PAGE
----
I am looking for a vision. My dad, who introduced me to the joys and heartaches of racing when I was 8, died this time last year, but he hasn’t appeared to me with any ideas this week about how to bet the Kentucky Derby.
Oh, well. He never had much luck picking the Derby anyway, although he was on Canonero II before anyone else in 1971. I think he might have gotten great odds at the OTB parlor, although Canonero only paid $19.40 as part of the mutuel wagering field, before racetrack computers could handle more than 14 separate entities.
As I’m wandering around the packed Grandstand at Tampa Bay Downs, I see the usual share of women in stunning hats, men in stylish bow ties smoking $20 cigars, and babies in strollers. One friendly 2-year-old tries to give me his selection, but we aren’t quite bridging the language barrier.
Angel of Empire seems to be getting a lot of support. Quite a few regulars mention how great it would be if Lambholm South Tampa Bay Derby winner Tapit Trice wins, to boost the profile of the racetrack.
I’ve already bet a few long shots (my closest friends know me as the guy who always wants bragging rights as the only guy who picked the winner, but I did not have Rich Strike last year).
Two people try to fix my tie. One, Blacky, is wearing an outlandish hat with a parrot on top that would be an automatic finalist in any Derby hat contest.
I’m intrigued, from a sociological standpoint, by how many people are clearly here for the first time. They want to try this event, see if racing is something they can make a regular habit out of. I’m as clueless as most how to make that happen.
But I’m glad they don’t seem to be taking it too seriously, as my father often did.
I notice a Japanese man and his teenage daughter watching the races from the Grandstand apron. I ask the man, Mas, who he likes, curious if he bet on either of the Japanese-bred horses in the race, Mandarin Hero or Derma Sotogake.
Mas is way ahead of me, like a few months. He put down a $10 Futures Book wager on Mandarin Hero early this year, getting 99-1 odds.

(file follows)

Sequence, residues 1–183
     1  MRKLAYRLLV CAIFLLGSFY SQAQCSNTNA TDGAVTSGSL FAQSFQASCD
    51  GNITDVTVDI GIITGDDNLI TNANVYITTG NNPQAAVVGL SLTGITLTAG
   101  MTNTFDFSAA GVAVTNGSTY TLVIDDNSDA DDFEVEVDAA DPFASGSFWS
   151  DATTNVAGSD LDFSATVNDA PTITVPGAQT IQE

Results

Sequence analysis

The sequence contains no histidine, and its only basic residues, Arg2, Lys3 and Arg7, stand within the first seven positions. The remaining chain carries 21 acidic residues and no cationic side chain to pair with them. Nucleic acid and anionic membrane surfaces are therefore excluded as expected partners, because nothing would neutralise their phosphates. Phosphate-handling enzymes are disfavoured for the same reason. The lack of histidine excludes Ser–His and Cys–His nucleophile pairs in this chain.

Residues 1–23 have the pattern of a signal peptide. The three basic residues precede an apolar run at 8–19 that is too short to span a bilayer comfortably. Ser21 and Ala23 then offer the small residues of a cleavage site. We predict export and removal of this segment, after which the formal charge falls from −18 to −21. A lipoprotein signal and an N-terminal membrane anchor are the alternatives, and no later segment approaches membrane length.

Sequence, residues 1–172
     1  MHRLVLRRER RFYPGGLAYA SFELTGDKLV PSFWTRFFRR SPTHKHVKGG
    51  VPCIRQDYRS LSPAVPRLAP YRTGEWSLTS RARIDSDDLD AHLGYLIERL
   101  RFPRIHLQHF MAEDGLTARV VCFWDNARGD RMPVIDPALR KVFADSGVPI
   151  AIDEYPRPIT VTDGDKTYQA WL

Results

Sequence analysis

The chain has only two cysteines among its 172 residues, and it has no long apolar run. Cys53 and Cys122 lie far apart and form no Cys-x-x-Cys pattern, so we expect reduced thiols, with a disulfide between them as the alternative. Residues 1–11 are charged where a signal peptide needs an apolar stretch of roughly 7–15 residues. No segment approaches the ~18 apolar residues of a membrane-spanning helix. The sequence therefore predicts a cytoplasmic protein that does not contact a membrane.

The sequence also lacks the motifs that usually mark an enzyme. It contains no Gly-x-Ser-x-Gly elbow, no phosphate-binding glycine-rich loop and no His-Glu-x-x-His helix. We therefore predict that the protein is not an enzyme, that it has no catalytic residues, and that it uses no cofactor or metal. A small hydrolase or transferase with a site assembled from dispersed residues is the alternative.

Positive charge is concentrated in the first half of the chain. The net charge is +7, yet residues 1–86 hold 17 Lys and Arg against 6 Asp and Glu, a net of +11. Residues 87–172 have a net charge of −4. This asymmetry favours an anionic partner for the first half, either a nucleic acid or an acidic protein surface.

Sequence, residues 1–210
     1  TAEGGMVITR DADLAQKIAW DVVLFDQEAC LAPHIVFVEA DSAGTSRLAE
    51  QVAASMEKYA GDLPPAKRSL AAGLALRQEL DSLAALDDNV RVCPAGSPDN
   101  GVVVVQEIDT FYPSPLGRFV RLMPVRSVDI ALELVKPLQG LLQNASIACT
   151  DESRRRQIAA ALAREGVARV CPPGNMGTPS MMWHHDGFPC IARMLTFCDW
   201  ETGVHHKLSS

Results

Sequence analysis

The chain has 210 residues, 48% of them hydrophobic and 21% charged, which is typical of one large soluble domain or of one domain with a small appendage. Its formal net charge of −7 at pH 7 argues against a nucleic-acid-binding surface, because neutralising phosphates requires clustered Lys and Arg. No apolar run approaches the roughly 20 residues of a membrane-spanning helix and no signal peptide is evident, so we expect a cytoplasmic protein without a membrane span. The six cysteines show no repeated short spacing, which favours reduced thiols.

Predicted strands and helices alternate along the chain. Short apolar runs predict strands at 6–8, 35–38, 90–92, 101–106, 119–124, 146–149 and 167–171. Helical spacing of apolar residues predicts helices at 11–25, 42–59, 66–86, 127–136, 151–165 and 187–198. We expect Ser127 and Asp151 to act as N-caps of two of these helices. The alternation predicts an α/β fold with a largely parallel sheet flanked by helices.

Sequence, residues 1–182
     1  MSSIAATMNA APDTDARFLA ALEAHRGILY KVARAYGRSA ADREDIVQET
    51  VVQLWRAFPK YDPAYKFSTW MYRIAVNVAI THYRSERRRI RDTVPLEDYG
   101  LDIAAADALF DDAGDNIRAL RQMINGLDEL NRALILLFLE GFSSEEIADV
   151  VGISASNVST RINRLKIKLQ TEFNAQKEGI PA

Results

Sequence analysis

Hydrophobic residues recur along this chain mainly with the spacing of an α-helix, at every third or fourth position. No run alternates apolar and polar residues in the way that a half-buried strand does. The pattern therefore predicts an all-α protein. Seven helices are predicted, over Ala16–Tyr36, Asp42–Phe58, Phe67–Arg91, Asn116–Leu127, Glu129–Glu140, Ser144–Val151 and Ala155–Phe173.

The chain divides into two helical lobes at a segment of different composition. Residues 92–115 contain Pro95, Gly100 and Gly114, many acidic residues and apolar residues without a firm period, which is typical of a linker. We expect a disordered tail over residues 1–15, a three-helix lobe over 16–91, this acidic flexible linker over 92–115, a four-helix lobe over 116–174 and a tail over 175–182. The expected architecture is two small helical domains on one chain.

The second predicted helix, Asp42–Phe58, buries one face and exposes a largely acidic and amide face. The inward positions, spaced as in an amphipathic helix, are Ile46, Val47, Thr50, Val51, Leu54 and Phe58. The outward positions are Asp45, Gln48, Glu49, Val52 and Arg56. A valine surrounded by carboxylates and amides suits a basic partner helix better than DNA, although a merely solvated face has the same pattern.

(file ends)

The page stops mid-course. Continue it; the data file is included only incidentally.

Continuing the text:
At the time, Mandarin Hero was 4-for-4, all his 2-year-old races in Japan. He finished second in his first race in Japan as a 3-year-old, then just missed winning the Santa Anita Derby in his main Run for the Roses prep.
Mandarin Hero is trained by Terunobu Fujita and ridden by Kazushi Kimura, both highly respected in their homeland. Sheepishly, I ask Mas if he takes pride in Japan having two horses with decent shots in the Kentucky Derby.
He nods and smiles. “I feel they have developed a pretty good racing program by viewing it as an art form,” he said. I understand, sort of. “Japan has developed a lot of topnotch horses that can compete not just in Japan, but anywhere.”
Daughter Miaka’s attention has just turned to the racetrack. She bet on the winner of the seventh here at Tampa Bay Downs, Cajun Cracker, and the high school golfer can’t overlook her hunch horse in the next, Tee At One.
As the field wheels into the stretch and Tee At One overtakes the fading front-runner, my vision is becoming as clear as the top of Mount Fuji on a cloudless day.
I thank them for their time and get back to work. I’ve made enough bets on the Derby, anyway, but now I’m pulling for Mas and Miaka’s horse.
If King Russell can’t win, that is.